Few could contest that with its 100 year history, that Coca-Cola is a premier company. I have often written there is no bad time to buy such a company. But current valuations for Coca-Cola do give me pause. Its price to earnings ratio of 19.6, while expensive, concerns me less than the company's estimated 5 year PEG of 2.7. Generally, a PEG much above 2.0 is a sign of an overvalued company. Analysts see profits for the company at $4.10 per share this year and $4.49 in 2013. Balancing the less than blistering profit growth pace is that Coca-Cola currently pays an above average dividend yield of 2.8%, and has raised its dividend each of the past 49 years in a row.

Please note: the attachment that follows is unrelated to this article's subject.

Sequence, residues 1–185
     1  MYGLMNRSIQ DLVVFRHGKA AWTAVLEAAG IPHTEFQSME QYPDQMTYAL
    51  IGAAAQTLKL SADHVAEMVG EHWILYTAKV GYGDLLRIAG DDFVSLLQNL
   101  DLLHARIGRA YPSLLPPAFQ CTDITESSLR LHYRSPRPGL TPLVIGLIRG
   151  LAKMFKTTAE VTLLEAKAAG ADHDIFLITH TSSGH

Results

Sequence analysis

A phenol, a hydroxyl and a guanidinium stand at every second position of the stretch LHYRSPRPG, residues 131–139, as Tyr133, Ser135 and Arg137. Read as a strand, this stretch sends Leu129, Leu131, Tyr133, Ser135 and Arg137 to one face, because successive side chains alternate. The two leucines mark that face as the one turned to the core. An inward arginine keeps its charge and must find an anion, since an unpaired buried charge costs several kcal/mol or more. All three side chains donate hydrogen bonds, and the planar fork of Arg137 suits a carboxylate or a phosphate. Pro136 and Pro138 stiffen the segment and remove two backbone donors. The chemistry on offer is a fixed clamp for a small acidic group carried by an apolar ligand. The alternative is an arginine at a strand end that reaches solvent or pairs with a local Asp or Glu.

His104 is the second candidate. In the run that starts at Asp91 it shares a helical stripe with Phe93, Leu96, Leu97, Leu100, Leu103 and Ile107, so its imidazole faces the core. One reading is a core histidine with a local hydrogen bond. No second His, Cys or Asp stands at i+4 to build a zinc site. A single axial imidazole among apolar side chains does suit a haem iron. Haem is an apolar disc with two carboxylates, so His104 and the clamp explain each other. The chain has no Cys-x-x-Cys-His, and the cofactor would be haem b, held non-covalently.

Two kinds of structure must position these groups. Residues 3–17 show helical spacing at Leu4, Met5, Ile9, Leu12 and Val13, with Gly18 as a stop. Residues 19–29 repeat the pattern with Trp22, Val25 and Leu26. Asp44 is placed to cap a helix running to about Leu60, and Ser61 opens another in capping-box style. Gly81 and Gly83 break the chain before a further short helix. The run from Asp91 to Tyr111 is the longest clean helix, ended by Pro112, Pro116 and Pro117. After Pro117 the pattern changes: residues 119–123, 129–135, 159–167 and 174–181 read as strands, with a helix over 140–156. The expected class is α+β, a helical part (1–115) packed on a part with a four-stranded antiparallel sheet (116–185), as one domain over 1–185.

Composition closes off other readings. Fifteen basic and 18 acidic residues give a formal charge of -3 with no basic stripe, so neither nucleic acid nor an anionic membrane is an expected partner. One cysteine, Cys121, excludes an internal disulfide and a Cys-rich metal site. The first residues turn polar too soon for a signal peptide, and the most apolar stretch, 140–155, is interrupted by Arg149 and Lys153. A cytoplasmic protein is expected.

I believe that Coca-Cola should be a core holding for many investors. But I would be even more emphatic on that point if the entry point were below $66 per share.
Monster Beverage (NASDAQ: MNST) was known until recently as Hansen Natural. Monster is the maker of a variety of natural beverages sold under the Hansen name at higher end grocers and specialty shops in addition to the ubiquitous energy drinks. It has had a tremendous run the past several years. The question is, are the good times over for this growth company?